• This feels very slim for an answer, can you expand on how that's an improvement over the existing solution? Mar 22 '16 at 22:09

I think there are two possible solutions: Using a service object, or adding this to your Post class and utilizing Active Record callbacks.

## Using a service object

As you'll see in a moment, there isn't much in the service object except a way to send these notifications. While there isn't much code, what you'll gain is decoupling code that interacts solely with your own system (your models and database) from code that interacts with outside resources (notifications).

First, to centralize the logic of finding the post users, without the post author, add a method to the Post class:

class Post < ActiveRecord::Base
def other_users
users - user
end
end


Then the service object:

class PostService
def add_comment(post, author, comment_text)
new_comment = post.comments.create user: author, text: comment_text
post.other_users.each { |user| CommentNotification.create user, new_comment }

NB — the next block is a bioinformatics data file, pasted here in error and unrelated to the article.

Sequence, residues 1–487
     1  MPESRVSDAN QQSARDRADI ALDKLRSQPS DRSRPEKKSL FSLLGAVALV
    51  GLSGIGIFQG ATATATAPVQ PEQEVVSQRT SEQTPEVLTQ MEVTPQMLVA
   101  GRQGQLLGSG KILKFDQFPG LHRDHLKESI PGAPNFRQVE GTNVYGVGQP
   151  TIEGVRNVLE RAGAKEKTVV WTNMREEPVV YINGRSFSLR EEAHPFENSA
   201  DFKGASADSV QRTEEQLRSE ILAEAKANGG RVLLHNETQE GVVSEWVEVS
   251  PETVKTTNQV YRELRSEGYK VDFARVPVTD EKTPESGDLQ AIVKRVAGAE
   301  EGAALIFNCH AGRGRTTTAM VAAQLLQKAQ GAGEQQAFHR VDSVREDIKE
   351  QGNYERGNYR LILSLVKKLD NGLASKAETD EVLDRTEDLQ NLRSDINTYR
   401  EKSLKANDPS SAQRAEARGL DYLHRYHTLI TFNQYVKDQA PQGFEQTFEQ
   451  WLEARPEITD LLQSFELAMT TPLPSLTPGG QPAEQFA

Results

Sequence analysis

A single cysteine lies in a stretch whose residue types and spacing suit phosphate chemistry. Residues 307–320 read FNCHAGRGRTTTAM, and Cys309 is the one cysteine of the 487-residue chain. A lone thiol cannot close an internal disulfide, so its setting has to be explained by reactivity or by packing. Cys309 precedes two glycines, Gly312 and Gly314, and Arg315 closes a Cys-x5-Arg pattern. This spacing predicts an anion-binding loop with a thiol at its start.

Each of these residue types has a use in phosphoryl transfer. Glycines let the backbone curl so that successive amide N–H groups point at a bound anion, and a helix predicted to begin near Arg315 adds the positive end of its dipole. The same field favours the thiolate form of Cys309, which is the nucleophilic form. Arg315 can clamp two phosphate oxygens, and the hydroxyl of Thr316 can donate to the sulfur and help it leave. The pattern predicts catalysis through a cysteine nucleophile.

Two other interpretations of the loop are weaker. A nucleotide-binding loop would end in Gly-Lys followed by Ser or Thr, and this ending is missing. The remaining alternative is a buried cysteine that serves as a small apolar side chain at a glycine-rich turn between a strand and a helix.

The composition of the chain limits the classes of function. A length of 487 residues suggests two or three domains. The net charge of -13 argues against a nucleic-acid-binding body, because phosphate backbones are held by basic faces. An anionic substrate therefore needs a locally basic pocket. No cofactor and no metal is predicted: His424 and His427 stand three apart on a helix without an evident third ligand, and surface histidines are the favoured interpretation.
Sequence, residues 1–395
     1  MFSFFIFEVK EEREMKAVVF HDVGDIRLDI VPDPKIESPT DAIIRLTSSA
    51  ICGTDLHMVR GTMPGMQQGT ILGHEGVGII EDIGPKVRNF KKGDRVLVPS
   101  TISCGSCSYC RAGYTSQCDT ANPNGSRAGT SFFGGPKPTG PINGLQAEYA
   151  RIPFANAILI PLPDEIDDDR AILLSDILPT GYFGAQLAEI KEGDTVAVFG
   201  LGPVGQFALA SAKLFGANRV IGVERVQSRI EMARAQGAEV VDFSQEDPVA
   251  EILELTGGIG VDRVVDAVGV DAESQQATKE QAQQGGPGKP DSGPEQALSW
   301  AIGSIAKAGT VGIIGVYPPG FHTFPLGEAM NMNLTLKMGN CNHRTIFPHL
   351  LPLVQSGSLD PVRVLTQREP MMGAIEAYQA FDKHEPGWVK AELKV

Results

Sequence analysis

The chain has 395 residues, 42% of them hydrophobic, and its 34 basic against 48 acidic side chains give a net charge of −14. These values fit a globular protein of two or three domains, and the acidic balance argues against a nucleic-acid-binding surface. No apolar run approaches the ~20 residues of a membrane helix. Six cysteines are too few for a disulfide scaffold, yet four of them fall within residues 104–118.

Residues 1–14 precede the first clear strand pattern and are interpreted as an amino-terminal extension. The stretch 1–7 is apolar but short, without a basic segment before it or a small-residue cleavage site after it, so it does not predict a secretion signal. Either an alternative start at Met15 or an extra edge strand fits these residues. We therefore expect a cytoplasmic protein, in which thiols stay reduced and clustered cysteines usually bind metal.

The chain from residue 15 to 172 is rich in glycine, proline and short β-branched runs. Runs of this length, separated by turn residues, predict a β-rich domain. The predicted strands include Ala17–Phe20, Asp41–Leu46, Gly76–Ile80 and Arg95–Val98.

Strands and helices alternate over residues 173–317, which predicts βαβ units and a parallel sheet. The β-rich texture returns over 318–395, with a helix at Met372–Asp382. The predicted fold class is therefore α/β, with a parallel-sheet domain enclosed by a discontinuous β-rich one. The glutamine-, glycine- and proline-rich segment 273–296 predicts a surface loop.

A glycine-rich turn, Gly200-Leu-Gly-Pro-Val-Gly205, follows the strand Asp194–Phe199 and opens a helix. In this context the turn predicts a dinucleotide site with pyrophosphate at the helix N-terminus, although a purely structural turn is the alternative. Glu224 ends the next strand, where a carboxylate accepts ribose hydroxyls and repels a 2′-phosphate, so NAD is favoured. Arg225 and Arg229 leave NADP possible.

new_comment
end
end


class CommentsController < ApplicationController
def create
post = Post.find params[:comment][:post_id]
author = User.find params[:comment][:user_id]
@comment = post_service.add_comment author, params[:comment][:text]

if post.save
redirect_to post_url(post)
else
render action: 'create'
end
end

private

def post_service
@post_service ||= PostService.new
end
end


## Using ActiveRecord callbacks

Honestly my initial reaction was to use an after_save callback, but I also read spickermann's comment about shying away from ActiveRecord callbacks. While I've had problems with callbacks before, if you construct your code correctly, the callback shouldn't be a problem. I also don't think the controller should know much of anything about posts, comments or notifications. The controller should handle the basics of the HTTP request, and little more.